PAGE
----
The iconic British band, The Rolling Stones, shot to fame around the same time as The Beatles in the 1960s. This led John Lennon, a prominent figure of The Beatles, to interact frequently with the Stones. While Lennon had a good rapport with the members, he often critiqued their music. He even suggested they drew inspiration from The Beatles and doubted whether the Stones’ music had the mettle to withstand the potential backlash of Mick Jagger’s marital status.
In the early days, Lennon had concealed his marriage to Cynthia, his girlfriend, fearing a potential dip in The Beatles’ popularity. But when the news finally emerged, it didn’t dent their stardom.
Lennon, as quoted in Ray Coleman’s biography, opined that The Beatles’ musical prowess was what made them resilient. He felt that more flamboyant bands, like The Rolling Stones, could see their fame crumble if their frontman decided to tie the knot. “Jagger’s stage charisma is akin to the legendary Charlie Chaplin’s. His marriage could potentially end the Stones,” Lennon remarked.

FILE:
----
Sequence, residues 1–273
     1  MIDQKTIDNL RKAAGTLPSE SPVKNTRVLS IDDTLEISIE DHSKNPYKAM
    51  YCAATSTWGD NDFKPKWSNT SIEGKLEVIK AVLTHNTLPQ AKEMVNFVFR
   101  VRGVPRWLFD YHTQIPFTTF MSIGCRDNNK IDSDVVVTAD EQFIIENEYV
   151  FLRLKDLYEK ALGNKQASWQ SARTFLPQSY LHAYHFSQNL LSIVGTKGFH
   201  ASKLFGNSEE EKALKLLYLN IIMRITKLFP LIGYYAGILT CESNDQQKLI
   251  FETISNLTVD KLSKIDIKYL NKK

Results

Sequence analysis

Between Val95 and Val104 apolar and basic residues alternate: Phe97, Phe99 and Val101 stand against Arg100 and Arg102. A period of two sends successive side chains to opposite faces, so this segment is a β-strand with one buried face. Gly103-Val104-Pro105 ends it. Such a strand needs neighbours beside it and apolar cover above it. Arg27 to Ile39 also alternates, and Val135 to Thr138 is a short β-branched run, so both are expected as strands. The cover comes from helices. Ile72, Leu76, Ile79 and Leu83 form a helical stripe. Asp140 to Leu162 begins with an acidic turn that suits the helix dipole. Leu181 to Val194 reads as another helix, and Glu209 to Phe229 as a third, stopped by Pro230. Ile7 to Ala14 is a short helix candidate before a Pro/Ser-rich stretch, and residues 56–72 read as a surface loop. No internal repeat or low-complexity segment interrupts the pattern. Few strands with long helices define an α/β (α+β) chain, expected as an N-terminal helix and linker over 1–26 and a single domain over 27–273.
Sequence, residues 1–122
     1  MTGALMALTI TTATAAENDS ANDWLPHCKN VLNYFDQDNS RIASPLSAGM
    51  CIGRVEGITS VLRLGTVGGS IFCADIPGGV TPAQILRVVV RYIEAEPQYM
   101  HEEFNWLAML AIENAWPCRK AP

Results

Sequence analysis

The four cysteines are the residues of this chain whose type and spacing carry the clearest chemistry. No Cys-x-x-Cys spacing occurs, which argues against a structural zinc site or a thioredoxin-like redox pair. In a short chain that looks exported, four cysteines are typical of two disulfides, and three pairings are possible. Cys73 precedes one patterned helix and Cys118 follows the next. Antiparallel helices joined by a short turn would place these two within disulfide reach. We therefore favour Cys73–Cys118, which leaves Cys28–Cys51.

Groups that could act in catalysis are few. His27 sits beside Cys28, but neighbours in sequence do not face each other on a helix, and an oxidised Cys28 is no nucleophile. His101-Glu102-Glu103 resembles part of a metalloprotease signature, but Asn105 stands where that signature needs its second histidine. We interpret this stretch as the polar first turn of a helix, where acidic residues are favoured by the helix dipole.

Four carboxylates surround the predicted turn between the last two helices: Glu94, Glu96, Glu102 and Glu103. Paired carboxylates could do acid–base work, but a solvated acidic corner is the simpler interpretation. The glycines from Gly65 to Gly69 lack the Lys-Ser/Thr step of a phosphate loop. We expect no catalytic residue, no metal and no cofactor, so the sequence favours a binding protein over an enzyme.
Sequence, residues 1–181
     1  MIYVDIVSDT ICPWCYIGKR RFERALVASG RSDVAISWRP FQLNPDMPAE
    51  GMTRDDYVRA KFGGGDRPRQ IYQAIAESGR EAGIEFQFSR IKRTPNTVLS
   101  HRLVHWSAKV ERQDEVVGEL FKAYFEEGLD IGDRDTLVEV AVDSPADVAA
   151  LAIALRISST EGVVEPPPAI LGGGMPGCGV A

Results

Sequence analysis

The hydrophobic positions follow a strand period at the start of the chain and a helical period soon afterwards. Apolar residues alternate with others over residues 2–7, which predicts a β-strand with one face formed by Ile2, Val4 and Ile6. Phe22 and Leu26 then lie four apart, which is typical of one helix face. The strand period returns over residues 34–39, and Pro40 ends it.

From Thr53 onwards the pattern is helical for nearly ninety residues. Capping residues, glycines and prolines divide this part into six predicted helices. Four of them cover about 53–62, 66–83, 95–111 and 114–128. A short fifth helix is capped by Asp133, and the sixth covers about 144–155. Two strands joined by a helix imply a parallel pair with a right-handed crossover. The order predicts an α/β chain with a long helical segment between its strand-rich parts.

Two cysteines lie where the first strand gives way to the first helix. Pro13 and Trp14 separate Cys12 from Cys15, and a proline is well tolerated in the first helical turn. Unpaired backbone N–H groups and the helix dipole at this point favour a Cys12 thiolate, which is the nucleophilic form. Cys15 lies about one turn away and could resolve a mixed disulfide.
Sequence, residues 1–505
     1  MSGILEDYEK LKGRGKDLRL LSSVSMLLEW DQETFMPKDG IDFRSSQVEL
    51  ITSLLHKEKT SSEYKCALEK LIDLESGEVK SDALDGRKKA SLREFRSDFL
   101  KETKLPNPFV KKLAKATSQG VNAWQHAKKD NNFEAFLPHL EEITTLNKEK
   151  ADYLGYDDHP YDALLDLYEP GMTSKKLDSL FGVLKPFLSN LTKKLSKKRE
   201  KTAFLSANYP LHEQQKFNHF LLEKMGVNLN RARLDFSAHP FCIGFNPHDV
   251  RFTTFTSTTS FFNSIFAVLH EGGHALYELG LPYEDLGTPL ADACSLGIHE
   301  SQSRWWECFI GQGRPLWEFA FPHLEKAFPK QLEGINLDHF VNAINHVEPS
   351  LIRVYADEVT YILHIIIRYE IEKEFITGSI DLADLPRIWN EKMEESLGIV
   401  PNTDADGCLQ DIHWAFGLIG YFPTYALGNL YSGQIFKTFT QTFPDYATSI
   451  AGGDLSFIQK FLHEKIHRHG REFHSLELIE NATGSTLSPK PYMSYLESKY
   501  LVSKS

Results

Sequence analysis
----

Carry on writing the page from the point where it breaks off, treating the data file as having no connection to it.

Contrary to Lennon’s views, The Beatles’ personal lives did affect their fan base. Wives of The Beatles, including Cynthia, Maureen Starkey, and Pattie Boyd, often faced hostile encounters with fans. Boyd recalled a daunting experience during a Beatles’ concert in London where fans resorted to physical aggression, shouting hateful words at her.
The Beatles’ relationships did irritate their fans
Lennon’s skeptical predictions about the Stones didn’t materialize. Despite Jagger’s marriage to Bianca in 1971, the band continued to thrive, even five decades later. Lennon’s critiques, some suggest, were influenced by his perceived rivalry with the Stones. Although Lennon and Jagger were amiable, Lennon was often critical, believing that Jagger sought to eclipse The Beatles with the Stones.
He notably criticized the Stones’ album ‘Satanic Majesties Request’, comparing it to ‘Sgt. Pepper’. Ironically, both Lennon and McCartney had contributed vocals to the Stones’ track ‘We Love You’, which Lennon later publicly lambasted. He felt the Stones lacked the originality that defined The Beatles.
However, as the 1970s rolled in, Lennon and Jagger’s relationship warmed, likely because The Beatles had disbanded, eliminating direct competition with the Rolling Stones.